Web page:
Mentor, in Greek Mythology was a friend of Odysseus and helped Telemachus his brother’s son. According to Wikipedia, that’s how mentor came to be a word meaning,”someone who imparts wisdom and shared knowledge with a less experienced colleague”.
Everyone should have a mentor at least once-someone, with your growth in mind to “show you the ropes’. They say when the student is ready the teacher will show up. I’ve had a variety of mentors over the years for various points in my life. Most just showed up.
There are many different types of mentoring programs. Some are formal mentoring programs where the company pairs a seasoned employee with one just joining the field/company. In the trades, plumbers electricians, carpenters and commercial painters and other professions like these, have a formalized or informal, apprenticeships, where a less experienced worker or someone totally new learns by doing and observing the work. This is a different form of mentorship. What makes any mentor effective are the following:
Qualities of a great mentor
- Willingness and openness-wants to be there and have a mentee (protege)
- Eager to answer questions and encourage them by being warm, and approachable
- a professional who has wisdom to share-take the protege under their wing
- provides guidance and opportunities to network-this is not a trait that must happen
- Savvy in the company-usually has at least 3 years in company
Many companies try to pair up mentor and protege who are close in age, believing they can relate better. This is often untrue. Someone in same age-range might not know all the ins & outs as a more senior employee would.
Universities are seeing the benefits of mentoring as well. When I ran the mentoring program when a Career Advisor, students were paired with alumni/ae professionals in their field of interest. The best mentors, were the mentors who provide opportunities to shadow them during the workday. One doctor-mentor allowed his student to watch a surgery. She came away with the certainty that this was the field for her! Luckily, she had a very dedicated mentor who wanted to truly be of service. How very rewarding.
Common mistakes to avoid
- Some company mentors are chosen as a reward or a monetary incentive is offered. This dilutes the goal of having mentors who truly want to be there. You might ask-well, why would you take your own time and help another? The rewarding experience of knowing what you said/did was of value and truly assisted their protege to grow.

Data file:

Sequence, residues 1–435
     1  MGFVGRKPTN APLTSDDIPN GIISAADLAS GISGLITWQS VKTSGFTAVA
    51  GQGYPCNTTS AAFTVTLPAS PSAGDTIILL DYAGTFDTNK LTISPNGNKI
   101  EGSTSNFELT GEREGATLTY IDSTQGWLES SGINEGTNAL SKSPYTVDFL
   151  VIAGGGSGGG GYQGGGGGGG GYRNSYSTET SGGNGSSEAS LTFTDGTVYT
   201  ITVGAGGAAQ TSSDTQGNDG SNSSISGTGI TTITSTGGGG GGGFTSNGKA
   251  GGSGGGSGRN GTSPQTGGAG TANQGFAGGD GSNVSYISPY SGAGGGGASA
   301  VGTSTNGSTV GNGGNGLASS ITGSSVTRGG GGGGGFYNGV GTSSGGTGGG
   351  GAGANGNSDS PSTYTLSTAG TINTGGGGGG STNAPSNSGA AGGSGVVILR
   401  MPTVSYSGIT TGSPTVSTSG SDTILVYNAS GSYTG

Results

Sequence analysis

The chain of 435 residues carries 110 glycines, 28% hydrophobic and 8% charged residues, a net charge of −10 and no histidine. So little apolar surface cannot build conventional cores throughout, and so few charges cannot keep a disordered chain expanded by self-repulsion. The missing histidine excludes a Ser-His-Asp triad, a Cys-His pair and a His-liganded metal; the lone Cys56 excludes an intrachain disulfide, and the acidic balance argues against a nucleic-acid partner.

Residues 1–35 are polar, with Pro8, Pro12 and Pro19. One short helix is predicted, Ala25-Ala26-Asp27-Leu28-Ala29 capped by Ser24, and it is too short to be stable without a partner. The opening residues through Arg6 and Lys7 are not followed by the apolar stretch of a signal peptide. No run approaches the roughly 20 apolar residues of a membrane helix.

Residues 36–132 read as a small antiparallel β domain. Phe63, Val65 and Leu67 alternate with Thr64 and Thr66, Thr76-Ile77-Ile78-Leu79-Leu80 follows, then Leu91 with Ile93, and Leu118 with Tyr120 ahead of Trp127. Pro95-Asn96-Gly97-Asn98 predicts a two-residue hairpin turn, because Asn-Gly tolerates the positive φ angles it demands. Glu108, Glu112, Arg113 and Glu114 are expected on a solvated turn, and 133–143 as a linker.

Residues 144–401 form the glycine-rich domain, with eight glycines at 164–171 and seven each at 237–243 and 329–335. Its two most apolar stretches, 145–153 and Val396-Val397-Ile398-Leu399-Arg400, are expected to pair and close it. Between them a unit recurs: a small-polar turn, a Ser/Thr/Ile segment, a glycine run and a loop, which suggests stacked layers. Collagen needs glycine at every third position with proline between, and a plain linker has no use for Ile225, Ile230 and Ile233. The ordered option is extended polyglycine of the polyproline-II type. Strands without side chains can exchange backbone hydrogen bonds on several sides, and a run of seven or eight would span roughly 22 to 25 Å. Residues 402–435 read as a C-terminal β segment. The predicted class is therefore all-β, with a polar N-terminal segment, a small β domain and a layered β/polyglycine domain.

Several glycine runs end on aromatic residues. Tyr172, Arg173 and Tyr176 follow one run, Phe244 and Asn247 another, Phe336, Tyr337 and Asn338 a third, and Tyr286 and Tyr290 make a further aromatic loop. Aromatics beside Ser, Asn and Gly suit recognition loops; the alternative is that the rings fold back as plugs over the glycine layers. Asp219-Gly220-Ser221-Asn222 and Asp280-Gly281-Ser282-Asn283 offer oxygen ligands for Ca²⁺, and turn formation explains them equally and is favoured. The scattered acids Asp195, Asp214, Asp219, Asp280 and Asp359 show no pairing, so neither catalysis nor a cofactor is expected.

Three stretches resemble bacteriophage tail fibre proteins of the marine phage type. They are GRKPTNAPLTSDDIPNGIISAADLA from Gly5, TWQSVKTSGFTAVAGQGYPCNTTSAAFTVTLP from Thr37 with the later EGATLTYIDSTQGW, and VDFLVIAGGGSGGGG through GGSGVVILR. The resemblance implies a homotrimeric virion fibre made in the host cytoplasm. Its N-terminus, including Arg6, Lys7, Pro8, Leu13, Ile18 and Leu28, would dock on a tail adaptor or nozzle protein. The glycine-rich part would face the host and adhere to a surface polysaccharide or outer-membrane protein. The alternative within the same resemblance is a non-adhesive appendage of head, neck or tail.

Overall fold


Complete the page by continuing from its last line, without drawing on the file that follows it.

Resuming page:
- Expecting the protege to make the first move-that can be daunting to approach a senior professional or an alumni professional, proteges might feel, nervous, embarrassed or shy.
- The mentor gives so much information, the protege is overwhelmed. As with any relationship, there is a getting to know you phase. Rather than a lecture, just have a conversation. Then both parties can relax.
- Assuming the protege’s questions without the protege’s input. This is a conversation and questions are asked and answered when just talking.
Mentor/protege relationships can just happen. They also can be for a short period of time. These relationships grow organically. When I first joined a department,my boss and her boss became my mentors. Later on, when I went to a new position, someone outside my department, showed me the ropes and how to navigate office politics. This was an informal mentorship relationship but very rewarding for both of us.
Now,I have several mentors for various parts of my life. As a solopreneur, one mentor is another solopreneur in my field. Another one is completely in a different field who I ‘met” first on LinkedIn. Through Peak Potentials, I have a coaching mentor as well as trainers in the company that I admire and learn from every time I’m in their presence… And now, it’s my turn. I have reaped the benefits of having a mentor and want to give back. I’m a mentor to a coach just starting out. Mentors come in all shapes and sizes. They all have one very important trait, they honestly want you to learn and grow…If they’ve done their “job”, you will. Please share if you have been either role or would like a mentor-I’ll try my best to be of service to you!